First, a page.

As an all round athlete he probably ranked as the best amateur in the district, and his prowess on the football field and golf course will be remembered for years to come. A clean player himself and scrupulously fair, Joe detested anyone who did not "play the game," and he did not scruple to tell them that at times. Of simple tastes, and essentially a "home bird," his leisure time was happily spent amongst his family and friends in Mossley, Stalybridge, and Deganwy, North Wales. A born humourist, and one who could see fun in everything, he even got fun out of "rent collecting," and a more popular rent collector I'm sure there never was. There would be many sad faces amongst the workpeople and tenants of Carr Hill Mills when the sad news went round.

It is given to few mortals to be univerally popular, but I think Joe Mallalieu achieved even that. An affectionate son and brother and an ideal husband, his married life was of complete happiness. We had all hoped to welcome to Blighty in due course. Alas! it was not to be, and we are left to mourn the loss of one who was a real sportsman, a staunch friend, and a gentleman in every true sense of the word.

Free Photo Restoration & Date Old Photographs / Freshen up some Friars please
« on: Saturday 08 December 07 10:36 GMT (UK)  »
Can this picture be made clearer with some more contrast.
Thanks in anticipation


Lanarkshire / St Francis Friary, Cumberland St Glasgow
« on: Monday 29 October 07 18:00 GMT (UK)  »
I am interested to know about Franciscan priests at the St Francis Friary, Cumberland St, Glasgow. I know who was there in 1881 but would appreciate any help with 1871, 1891 and 1901.

If it helps the Guardians at those dates, and hence the head of the household, would be as follows

1871 - Emmanuel Kenners
1891 - Francis Verhagen
1901 - Cuthbert Wood

Any information would be gratefully appreciated i f somebody has access to census info.

Many thanks

The Common Room / How will you know if I'm gone?
« on: Sunday 14 October 07 18:39 BST (UK)  »
Terribly morbid I know but important :) :) :)

So I will use lots of smileys
 :) :) :) :) :) :) :) :) :) :) :) :)
I don't plan going anywhere at the moment :) :) :)
But when I get the call, how will my beautiful friends on Rootschatters know :) :) :)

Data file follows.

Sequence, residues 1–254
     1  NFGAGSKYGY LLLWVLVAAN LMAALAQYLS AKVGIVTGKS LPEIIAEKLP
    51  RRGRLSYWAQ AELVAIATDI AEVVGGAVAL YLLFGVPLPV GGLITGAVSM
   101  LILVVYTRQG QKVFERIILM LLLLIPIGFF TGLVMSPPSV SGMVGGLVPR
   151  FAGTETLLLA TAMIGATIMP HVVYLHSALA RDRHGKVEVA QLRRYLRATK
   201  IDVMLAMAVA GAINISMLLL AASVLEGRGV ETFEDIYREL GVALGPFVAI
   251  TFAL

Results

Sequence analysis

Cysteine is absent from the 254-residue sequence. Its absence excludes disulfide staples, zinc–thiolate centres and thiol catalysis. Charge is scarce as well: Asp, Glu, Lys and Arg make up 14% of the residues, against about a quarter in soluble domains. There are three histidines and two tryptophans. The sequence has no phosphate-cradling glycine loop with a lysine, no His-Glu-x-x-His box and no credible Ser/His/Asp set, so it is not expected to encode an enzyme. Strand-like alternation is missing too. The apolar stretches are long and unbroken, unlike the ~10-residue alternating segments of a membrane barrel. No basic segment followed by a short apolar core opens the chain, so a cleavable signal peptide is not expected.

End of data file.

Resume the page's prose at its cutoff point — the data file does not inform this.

Suddenly we are gone, and RC's wonder where to, unanswered topics, no replies to PM's.  :) :) :)

I am going to give my passwords to my daughter to request she posts my 'destination' to this site  :) :) :)

But rest assured I'm not going anywhere at the moment :) :) :)

Just a thought :) :) :)

Now get on with your beautiful life :) :) :)

Lots of hugs and kisses

It's just that being immersed in WW1 today made me wonder :) :) :)

Free Photo Restoration & Date Old Photographs / WWI memorial - thoughts
« on: Sunday 14 October 07 10:43 BST (UK)  »
Arranroots suggested posting this link here as you may be able to help with date from clothing and also possibly the medals.

Any thoughts much appreciated.


World War One / WW1 memorial - thoughts please
« on: Saturday 13 October 07 09:30 BST (UK)  »
I've recently been given this postcard which was in the possession of a family from West Gorton connected with the Monastery. The location is the corner of Park St and Hyde Rd but no indication of date.

Were these street corner memorials common? Is this a works type photo as there does seem to be some uniformity about the clothes and are some of the men wearing ribbons at the neck?

Any opinions or thoughts would be greatly appreciated.


World War One / Daily Mail DVD - The Great War - Free
« on: Friday 12 October 07 22:35 BST (UK)  »
Hi UK residents,
I just caught a glimpse of an advert on telly tonight so checked the Daily Mail website. Tomorrow they are giving away free DVD's of the Great War with some ongoing promotion during the week. From the glimpse I saw the footage appears remarkable.

Hope this is of interest, albeit short notice.

Best wishes